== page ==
Of course, ‘guide’ doesn’t resonate with the atrophied mystical gland of the average first-worlder. ‘Sex guru’ sounds awesome, but ‘sex guide’? That’s something you find in your parents’ closet, buried under shoeboxes of holiday snapshots and moldering issues of Time.

Beware the guru, the monopolist of certainty. Human societies are built on half-truth and misconception; if not for a few brave individuals armed with proverbial hot knives, we’d be drowning in butter.

As a writer, it is your job to doubt everything, even your notion of self, country, family. Lies keep the engine running, truth makes the engine better. Doubt is not a solution but the beginning of method.

You will not be rewarded for doubting.

“Elegance is refusal.”

Chanel didn’t like Hollywood. In Hollywood, a lady must look like two ladies – this was the exact opposite of Chanel’s vision.

Elegance is stopping just short of excess. Using two words, not ten. Thinking a lot, saying a little.

“Don’t spend time beating on a wall, hoping to transform it into a door.”

What can I add to that? Only that we lie to ourselves a lot, mistaking obdurate walls for the clay of opportunity.

Some difficult paths lead nowhere. You know them in your heart, not always in your brain. I’m not talking about difficulties in your day job; not telling you to quit; what I am saying is, when the day is done, do only what you love to do.


Chanel No. 5, signature fragrance of House of Chanel, was created by Ernest Beaux in 1921. A Time writer in 1953 claimed that Beaux would create perfumes by jotting down formulas, asserting that he already knew what the end result would smell like: It was no different than composing a symphony. 


Karl Lagerfeld, chief designer at Chanel during the 1980s, once dodged a PETA pie that hit Calvin Klein instead. PETA wanted to chastise Lagerfeld for his use of fur, calling him a 'dinosaur designer.'

Chanel started out as a milliner.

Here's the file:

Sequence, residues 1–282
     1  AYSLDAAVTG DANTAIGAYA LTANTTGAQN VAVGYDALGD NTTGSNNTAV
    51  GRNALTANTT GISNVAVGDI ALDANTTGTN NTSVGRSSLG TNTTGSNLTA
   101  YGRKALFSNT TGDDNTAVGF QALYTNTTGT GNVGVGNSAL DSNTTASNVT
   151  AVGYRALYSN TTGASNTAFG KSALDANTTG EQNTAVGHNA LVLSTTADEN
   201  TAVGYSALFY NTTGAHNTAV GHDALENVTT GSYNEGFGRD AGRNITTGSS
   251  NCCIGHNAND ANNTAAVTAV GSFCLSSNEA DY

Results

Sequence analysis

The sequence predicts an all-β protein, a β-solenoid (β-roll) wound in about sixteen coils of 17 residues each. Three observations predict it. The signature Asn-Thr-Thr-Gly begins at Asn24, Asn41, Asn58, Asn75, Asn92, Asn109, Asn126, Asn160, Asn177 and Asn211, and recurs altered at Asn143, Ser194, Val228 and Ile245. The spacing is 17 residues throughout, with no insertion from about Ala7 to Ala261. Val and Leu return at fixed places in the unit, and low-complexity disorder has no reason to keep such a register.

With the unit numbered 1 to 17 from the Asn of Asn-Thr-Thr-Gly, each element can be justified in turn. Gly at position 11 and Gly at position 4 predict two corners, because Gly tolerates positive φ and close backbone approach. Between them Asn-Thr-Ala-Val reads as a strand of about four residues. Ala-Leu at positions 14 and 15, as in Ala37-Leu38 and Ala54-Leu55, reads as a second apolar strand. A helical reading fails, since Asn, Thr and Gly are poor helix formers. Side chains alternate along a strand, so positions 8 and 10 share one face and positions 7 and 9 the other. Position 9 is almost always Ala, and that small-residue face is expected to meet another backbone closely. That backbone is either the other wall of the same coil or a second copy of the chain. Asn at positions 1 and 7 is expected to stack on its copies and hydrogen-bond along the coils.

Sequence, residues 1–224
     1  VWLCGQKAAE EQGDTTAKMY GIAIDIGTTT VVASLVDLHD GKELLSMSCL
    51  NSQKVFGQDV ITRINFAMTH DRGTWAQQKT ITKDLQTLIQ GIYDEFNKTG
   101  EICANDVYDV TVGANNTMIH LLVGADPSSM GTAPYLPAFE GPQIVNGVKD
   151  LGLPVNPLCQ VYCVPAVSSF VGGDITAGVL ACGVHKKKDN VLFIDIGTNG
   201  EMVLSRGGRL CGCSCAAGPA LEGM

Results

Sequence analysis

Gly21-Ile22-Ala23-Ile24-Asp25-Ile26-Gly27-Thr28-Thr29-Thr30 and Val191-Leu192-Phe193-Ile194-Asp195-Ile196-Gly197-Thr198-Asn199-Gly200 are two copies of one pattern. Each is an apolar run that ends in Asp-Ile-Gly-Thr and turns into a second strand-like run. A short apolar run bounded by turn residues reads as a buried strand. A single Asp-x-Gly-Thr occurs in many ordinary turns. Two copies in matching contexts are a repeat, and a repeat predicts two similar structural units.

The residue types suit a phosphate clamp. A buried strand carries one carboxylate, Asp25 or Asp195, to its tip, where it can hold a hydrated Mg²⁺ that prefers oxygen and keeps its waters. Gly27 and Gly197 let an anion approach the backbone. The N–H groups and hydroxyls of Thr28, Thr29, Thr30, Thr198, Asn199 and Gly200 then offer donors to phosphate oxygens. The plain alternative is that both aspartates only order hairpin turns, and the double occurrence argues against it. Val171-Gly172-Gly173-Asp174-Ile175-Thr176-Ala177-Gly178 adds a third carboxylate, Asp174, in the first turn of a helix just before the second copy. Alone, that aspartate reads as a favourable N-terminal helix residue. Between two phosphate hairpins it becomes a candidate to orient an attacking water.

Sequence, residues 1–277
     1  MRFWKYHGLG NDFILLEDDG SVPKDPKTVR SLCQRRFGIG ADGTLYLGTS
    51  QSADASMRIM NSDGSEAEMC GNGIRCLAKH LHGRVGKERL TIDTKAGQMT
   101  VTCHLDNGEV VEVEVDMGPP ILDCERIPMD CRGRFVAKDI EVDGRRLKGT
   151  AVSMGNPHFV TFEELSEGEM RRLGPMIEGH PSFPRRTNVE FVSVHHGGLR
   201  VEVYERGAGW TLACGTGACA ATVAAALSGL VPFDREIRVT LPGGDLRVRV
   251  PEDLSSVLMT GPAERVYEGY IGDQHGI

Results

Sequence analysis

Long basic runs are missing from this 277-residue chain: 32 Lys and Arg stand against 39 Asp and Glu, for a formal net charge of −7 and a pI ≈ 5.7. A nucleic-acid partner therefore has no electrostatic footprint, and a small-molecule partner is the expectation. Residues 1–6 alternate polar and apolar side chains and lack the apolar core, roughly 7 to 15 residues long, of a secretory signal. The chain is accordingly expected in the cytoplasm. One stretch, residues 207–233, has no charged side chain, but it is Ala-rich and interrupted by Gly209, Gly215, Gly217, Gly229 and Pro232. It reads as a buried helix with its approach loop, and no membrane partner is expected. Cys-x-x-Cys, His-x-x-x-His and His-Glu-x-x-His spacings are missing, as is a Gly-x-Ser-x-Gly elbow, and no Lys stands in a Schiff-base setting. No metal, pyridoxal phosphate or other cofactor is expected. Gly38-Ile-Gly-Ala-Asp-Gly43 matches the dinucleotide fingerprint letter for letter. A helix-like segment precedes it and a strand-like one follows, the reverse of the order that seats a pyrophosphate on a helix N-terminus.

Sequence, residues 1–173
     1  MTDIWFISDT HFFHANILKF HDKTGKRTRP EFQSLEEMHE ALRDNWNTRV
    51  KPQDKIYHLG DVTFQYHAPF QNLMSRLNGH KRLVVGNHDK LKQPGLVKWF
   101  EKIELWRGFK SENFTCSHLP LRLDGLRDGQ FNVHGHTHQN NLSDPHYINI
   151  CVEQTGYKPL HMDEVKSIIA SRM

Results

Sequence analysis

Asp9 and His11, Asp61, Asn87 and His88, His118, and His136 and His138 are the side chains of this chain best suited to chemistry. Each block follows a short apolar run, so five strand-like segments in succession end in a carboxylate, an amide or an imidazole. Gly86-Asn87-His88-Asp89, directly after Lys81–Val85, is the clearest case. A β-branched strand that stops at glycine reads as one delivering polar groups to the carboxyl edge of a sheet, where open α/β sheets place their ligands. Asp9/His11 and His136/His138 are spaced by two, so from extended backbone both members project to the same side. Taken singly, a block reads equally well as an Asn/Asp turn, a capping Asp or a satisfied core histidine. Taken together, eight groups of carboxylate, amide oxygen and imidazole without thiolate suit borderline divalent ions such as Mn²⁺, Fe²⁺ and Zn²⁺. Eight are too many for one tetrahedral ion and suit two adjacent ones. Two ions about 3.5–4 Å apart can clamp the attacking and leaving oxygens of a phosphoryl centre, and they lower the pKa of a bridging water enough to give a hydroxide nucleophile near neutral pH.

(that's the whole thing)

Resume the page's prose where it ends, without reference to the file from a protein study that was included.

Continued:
[1] I won’t make excuses for Coco Chanel. It’s not like I owe her anything. But we must remember that anti-Semitism and homophobia were not controversial opinions in Europe pre-WWII. Let’s not pretend that we are more civilized and enlightened now, because each era fabricates its bogeymen, and the fabrication is always ridiculous when you hold it up to the twin lights of logic and empathy. We’re not civilized yet, not really.
[2] I mean era in the colloquial sense, rather than the geological.
[3] Did you know Michelangelo thought of Leonardo da Vinci as a sellout and a failure? And he made that opinion known, or we wouldn’t have learned of it. These days, when self-published authors complain that other authors aren’t nice to them, they display historic ignorance. Writers have always berated each other – being in the public arena comes at a price. If we were all terminally nice to each other, culture would die. Have you ever felt insulted? Check out Flavorpill’s 30 harshest author-on-author insults in history and then move on to Chuck Wendig’s 25 things I want to say to so-called aspiring writers.
People must be civil, yes. But no-one has to mollycoddle you on account of your lofty aspirations. The people you think of as titans now? They were often brutal to each other.

What can they teach you about writing? -- is a weekly series of articles drawing on public statements by talented people, and how such statements apply to the act of writing. “Talented people” does not mean they’re entertainers, nor do I expect you to agree with my definition of talent at all times.